First, if you haven't taken a look at the comments on my previous post on this paper, go take a look. Thanks to everyone for sharing your thoughts and pointing out some of my own oversight regarding this paper.
There was one issue in particular that deserves more attention than just another comment thread. McClellan and King draw special attention to a study by Kai Wang et al (2009) Common genetic variants on 5p14.1 associate with autism spectrum disorders. Nature 459:528. A big thanks to Kai Wang for pointing out this particularly egregious misrepresentation by McClellan and the emphasis I added in my own all-too-cursory review. McClellan discuss rs4307059, reported by Wang et al. to be associated with autism, as a “particularly dramatic example of the perils of cryptic population stratification”, reasoning that the substructure is a result of large frequency differences across Europe and its fixation in Africa, when in fact the frequency of this SNP is fairly consistent across large cohorts of European ancestry: European Americans (MAF=39%), WTCCC (MAF=38%), POPRES British (MAF=39%), POPRES Spanish (MAF=37%). The extreme estimates (.21-.77) come from extremely small sample sizes (n=7 in Tuscany, MAF=75%, and n=15 in the Orcadian sample, MAF=25%). These sample sizes are way to small to estimate allele frequencies with any stability. In fact, you can see the allele frequency distribution across 51 populations here, which shows that it's quite similar across most of Europe:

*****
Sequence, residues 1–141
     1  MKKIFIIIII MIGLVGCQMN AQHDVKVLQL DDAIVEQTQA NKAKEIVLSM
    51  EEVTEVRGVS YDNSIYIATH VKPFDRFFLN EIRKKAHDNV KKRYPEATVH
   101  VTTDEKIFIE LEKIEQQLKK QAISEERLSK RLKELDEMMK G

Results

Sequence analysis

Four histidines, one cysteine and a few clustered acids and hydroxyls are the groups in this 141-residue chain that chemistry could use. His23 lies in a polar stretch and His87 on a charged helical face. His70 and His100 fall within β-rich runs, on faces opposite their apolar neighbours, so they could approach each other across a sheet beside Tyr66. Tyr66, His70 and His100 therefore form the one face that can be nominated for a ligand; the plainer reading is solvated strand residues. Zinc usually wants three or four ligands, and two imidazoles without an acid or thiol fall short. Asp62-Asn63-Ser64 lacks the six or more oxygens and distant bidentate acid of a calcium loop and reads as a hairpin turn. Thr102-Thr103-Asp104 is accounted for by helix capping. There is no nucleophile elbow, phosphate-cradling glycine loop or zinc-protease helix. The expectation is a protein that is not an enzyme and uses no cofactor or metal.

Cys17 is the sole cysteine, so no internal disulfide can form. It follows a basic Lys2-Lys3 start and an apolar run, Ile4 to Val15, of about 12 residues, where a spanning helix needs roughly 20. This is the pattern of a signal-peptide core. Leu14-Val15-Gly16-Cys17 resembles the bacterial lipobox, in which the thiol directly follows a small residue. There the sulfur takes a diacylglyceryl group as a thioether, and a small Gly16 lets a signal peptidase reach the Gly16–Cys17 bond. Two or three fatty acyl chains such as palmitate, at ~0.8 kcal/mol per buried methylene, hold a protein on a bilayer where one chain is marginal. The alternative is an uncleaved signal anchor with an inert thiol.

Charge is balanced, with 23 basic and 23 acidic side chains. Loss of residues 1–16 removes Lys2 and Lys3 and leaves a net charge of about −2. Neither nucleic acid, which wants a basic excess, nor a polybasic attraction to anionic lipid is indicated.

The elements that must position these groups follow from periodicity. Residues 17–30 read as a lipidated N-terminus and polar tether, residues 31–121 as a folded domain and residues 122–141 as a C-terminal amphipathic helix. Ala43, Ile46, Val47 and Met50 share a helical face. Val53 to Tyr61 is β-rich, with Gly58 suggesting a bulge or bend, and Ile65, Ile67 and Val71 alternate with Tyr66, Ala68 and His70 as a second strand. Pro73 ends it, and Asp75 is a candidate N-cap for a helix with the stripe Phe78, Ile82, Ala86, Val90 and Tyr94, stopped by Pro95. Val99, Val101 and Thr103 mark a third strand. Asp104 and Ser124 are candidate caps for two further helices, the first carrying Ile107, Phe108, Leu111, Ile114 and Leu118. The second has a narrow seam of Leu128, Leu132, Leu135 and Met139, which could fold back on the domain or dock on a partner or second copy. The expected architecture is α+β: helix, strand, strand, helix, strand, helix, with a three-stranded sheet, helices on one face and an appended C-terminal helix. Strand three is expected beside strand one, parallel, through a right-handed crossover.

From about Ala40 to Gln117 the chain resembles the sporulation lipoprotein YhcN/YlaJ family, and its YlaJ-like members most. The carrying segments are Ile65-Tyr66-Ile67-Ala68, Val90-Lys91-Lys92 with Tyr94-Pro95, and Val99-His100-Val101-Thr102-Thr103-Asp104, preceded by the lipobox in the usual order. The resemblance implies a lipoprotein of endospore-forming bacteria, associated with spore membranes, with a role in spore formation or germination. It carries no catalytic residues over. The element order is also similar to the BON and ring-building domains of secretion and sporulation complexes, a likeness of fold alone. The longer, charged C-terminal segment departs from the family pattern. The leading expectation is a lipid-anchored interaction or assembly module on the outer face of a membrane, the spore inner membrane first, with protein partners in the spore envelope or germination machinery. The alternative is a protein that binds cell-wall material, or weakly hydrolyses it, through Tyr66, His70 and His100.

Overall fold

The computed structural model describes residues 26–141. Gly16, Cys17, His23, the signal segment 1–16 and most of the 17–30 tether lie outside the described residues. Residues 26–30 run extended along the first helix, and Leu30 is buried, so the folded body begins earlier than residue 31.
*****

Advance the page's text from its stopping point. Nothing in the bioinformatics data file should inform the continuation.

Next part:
Further, using the full Fst data set (which can be downloaded directly at this link), if you sort all Illumina SNPs by their variation of allele frequencies (more precisely, Fst), the SNP rs4307059 lies right in middle, so it is fairly normal for any SNP with similar MAF to display variation of allele frequencies in subpopulations in Europe or in HapMap.
There are a few other issues pointed out in the comment thread that deserve attention. McClellan asserted, and I emphasized, that most GWAS hits do not replicate. While it's definitely true that nonreplication was a huge issue in genetic association studies in the past and in the early days of GWAS, most GWAS hits that are genome-wide significant (e.g. p<1e-8) DO replicate, and studies done with family designs, which can't be explained away by population stratification, add further evidence that many of these associations are genuine. And simply because a SNP lies outside a region with known biological function doesn't mean we should wave it off so easily. There's a nice discussion of this over at Gene Expression.